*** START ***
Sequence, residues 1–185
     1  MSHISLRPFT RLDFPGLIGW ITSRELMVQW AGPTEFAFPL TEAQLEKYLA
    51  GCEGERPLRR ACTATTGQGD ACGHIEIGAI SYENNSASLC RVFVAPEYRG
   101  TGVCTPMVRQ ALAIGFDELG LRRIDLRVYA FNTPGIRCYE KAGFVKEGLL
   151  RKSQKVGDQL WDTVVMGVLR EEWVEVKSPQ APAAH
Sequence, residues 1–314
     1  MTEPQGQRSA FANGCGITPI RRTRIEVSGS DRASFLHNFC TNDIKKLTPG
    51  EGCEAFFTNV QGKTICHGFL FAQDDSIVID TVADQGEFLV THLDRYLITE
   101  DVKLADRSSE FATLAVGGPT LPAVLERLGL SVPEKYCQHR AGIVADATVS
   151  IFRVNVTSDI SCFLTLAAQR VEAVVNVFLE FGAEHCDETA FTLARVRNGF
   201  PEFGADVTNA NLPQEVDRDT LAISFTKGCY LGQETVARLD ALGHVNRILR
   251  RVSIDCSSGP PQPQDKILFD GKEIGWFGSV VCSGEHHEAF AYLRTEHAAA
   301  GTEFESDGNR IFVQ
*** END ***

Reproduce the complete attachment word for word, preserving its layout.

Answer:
Sequence, residues 1–185
     1  MSHISLRPFT RLDFPGLIGW ITSRELMVQW AGPTEFAFPL TEAQLEKYLA
    51  GCEGERPLRR ACTATTGQGD ACGHIEIGAI SYENNSASLC RVFVAPEYRG
   101  TGVCTPMVRQ ALAIGFDELG LRRIDLRVYA FNTPGIRCYE KAGFVKEGLL
   151  RKSQKVGDQL WDTVVMGVLR EEWVEVKSPQ APAAH
Sequence, residues 1–314
     1  MTEPQGQRSA FANGCGITPI RRTRIEVSGS DRASFLHNFC TNDIKKLTPG
    51  EGCEAFFTNV QGKTICHGFL FAQDDSIVID TVADQGEFLV THLDRYLITE
   101  DVKLADRSSE FATLAVGGPT LPAVLERLGL SVPEKYCQHR AGIVADATVS
   151  IFRVNVTSDI SCFLTLAAQR VEAVVNVFLE FGAEHCDETA FTLARVRNGF
   201  PEFGADVTNA NLPQEVDRDT LAISFTKGCY LGQETVARLD ALGHVNRILR
   251  RVSIDCSSGP PQPQDKILFD GKEIGWFGSV VCSGEHHEAF AYLRTEHAAA
   301  GTEFESDGNR IFVQ